services business, it is by no means confined there. Something similar, minus some of the decimal places, is happening across
a whole range of businesses and at various scales within the economy. "
Source: David Kline, "To Have and Have Not," Hotwired, December 18, 1995
- "'As broadband two-way multimedia infrastructures are being put into
place, highly talented entrepreneurs all across America are coming up
with new ways to utilize these networks by creating the very content
that will soon be delivered to all our homes via this remarkably fast
medium,' said James M. Phillips, Motorola corporate vice president
and general manager of the company's Multimedia Markets division."
Source: " Motorola Launches Broadband Initiative," Newsbytes News Network article, March 19, 1996
- "ONE AFTER ANOTHER, the instant millionaires and even billionaires have been appearing, brought forth by the stock market's magic.
Last Aug. 9, Netscape, a Mountain View, California, software company, sold stock to the public for the first time. By the end of the
day, the shares owned by chairman James Clark were worth $566 million. Netscape's technical whiz, Marc Andreessen, who is 24 years old, was suddenly worth $58 million. In November the net worth of Pixar chairman Steve Jobs increased more than $1.1 billion in a single day when the company, responsible for the computer-animated hit movie Toy Story, sold new stock on the open market. Dozens of other entrepreneurs have had similar experiences during the past year. Getting rich quick is one thing; these are cases of getting incredibly rich immediately. ... 'I don't think there was ever a period when wealth was created so instantly through the market as it is today,' says Alan Brinkley, professor of history at Columbia University. 'Certainly there were many people who rose from modest wealth to vast riches over a lifetime at the turn of the century--specifically, those in railroads, steel, oil and the big, rapidly growing industries of the time. But it was nothing like the people today who are worth a few hundred thousand dollars one day and take their companies public the next and become billionaires.'
Source: James Collins, "High Stake Winners," Time, February 19, 1996
- "What we're going to see over the coming two decades is the devolution of many large corporations," says Peter Schwartz, president of Global Business Network, a cyber-age research and consulting firm. Case in point: IBM. In the same massive restructuring that is bringing virtual offices and high-tech gadgetry to every level of its business, Big Blue has slashed its work force by more than 170,000 jobs since its employment peak in the late 1980s. Many of these erstwhile employees have set up shop on their own, often doing business on a contract basis for IBM itself. Thoroughly armed with the modern weaponry of the road warrior, they, like the telecommuters at Chiat/Day, are among the forerunners of employment in the information age."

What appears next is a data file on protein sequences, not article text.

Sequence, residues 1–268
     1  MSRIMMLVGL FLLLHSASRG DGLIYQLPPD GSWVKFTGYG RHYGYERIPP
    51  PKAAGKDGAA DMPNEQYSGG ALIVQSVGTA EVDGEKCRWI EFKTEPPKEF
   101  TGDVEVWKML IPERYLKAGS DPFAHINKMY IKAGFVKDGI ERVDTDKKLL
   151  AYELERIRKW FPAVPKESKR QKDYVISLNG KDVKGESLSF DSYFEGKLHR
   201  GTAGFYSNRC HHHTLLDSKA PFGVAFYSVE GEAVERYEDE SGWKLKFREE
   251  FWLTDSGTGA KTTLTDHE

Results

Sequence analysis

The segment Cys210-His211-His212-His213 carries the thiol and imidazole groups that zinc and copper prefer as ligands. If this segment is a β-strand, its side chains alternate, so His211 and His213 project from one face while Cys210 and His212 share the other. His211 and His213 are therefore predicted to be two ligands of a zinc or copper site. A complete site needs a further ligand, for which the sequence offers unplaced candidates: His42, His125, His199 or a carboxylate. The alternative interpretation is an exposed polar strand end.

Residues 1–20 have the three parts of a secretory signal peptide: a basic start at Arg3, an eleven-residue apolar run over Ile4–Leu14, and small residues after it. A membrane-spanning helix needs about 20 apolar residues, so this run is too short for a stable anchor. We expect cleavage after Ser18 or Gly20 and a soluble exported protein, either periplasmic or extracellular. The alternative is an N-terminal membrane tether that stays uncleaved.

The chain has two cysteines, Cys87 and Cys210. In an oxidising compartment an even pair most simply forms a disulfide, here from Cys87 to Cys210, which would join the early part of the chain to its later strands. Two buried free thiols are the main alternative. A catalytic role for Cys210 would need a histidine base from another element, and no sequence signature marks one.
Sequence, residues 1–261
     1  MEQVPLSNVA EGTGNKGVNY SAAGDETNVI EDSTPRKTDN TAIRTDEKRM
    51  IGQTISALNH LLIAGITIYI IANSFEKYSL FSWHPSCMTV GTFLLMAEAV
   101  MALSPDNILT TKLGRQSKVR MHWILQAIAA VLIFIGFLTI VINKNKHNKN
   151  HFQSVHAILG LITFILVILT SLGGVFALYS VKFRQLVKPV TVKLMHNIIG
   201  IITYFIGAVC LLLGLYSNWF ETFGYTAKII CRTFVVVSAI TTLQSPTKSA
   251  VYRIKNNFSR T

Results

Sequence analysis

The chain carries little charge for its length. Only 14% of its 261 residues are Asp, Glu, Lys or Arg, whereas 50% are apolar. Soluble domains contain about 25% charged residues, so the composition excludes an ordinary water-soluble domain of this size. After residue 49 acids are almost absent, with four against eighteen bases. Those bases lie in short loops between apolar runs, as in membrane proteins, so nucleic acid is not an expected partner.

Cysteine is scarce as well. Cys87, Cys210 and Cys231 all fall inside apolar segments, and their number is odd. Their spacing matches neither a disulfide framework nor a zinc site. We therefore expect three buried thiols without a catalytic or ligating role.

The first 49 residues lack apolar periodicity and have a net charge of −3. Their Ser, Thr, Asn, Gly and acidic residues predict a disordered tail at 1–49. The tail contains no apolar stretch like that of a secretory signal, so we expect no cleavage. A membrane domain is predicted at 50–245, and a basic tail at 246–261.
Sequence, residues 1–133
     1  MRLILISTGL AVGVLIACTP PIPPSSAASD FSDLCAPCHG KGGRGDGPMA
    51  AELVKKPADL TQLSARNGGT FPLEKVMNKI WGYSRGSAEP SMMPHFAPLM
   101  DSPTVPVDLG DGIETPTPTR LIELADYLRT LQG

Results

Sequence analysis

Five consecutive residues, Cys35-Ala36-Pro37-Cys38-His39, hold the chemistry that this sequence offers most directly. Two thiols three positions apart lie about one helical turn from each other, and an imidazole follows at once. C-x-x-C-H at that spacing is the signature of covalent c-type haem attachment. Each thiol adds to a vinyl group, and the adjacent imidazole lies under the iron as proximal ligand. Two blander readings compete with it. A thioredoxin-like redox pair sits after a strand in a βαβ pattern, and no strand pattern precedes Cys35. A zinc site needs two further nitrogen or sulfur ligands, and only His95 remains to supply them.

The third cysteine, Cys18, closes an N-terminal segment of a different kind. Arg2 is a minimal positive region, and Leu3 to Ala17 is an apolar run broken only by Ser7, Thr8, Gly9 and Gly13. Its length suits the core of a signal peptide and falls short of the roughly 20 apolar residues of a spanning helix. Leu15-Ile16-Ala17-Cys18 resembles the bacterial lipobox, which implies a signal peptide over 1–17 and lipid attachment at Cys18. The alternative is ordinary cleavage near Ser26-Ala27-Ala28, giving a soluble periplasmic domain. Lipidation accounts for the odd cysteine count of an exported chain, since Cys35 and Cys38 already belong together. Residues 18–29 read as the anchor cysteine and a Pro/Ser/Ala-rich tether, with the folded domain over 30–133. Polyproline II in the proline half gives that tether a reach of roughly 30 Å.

Source: "The Age of the 'Road Warrior,'" Time, Special Issue Spring 1995, Vol. 145, No. 12
- "Large companies have cut 3 million jobs since 1989, enough to create a blue- and white-collar army of angry, passionate, unpredictable voters."
Source: Del Jones, "Laid-off Voters Rethink Loyalties and Priorities," USA Today, March 13, 1996, p. B1
- "The telecom industry is as good an example as any of the kind of profound change the American economy is currently undergoing. There is globalization at work, as equipment that was once routinely made in the U.S. is now manufactured in places like Malaysia. The supremacy of the knowledge worker--the person who can figure out how to make a phone line work like a cable line, say--is apparent, as is the emergence of technology that can replace such formerly irreplaceable humans as phone operators. Then there's the need to eliminate bureaucracies that clog corporate arteries; the increased competition; and the cataclysmic effect of deregulation, which will clearly transform this thing we call telecommunications in ways we can't even imagine right now. In such an environment, big, slow-moving bureaucratic companies like AT&T aren't 800-pound gorillas. They're sitting ducks."
Source: Joseph Nocera, "Living With Layoffs," Fortune, April 1, 1996
- "The big companies have no future. Look, in the last 15 years, the world over, there has been practically no growth in big companies. There are few exceptions - a few information companies. ... By and large, there are no more advantages to big business. There are only disadvantages. Big companies had three advantages, and they are all gone. The first was they could get transnational or international money that a medium-sized company could not. Now everyone can. Number Two is information. It used to be that nobody had any information. But as you go more international, as the economy becomes more global, the access to good information becomes crucial. If you are a medium-sized company, then the CEO still knows every customer and still knows the industry. You can't know that in the US$10 billion company; you get reports. Reports tell you what your subordinates want you to know. The last and most important factor is that young, educated people do not want to work in the big institutions. That's true even in Japan today."
Source: Peter Drucker, interviewed by Peter Schwartz and Kevin Kelly, "The Relentless Contrarian," Wired, August 1996, p. 119.
- "Because of network and related technologies, we're going to see wealth redistribution on a scale not seen since the Industrial Revolution. You can talk about wealth redistribution at a variety of levels. Here's one example: From 1985 to 1990, we saw a huge redistribution of shareholder value between companies that were owners of proprietory architectures and those that were championing open architectures. Something like US$50 billion worth of shareholder value was destroyed by companies that owned the old proprietory-style technology. But in just a five-year period, a new set of players advocating open systems created about $35 billion in value. The other five went to the customers."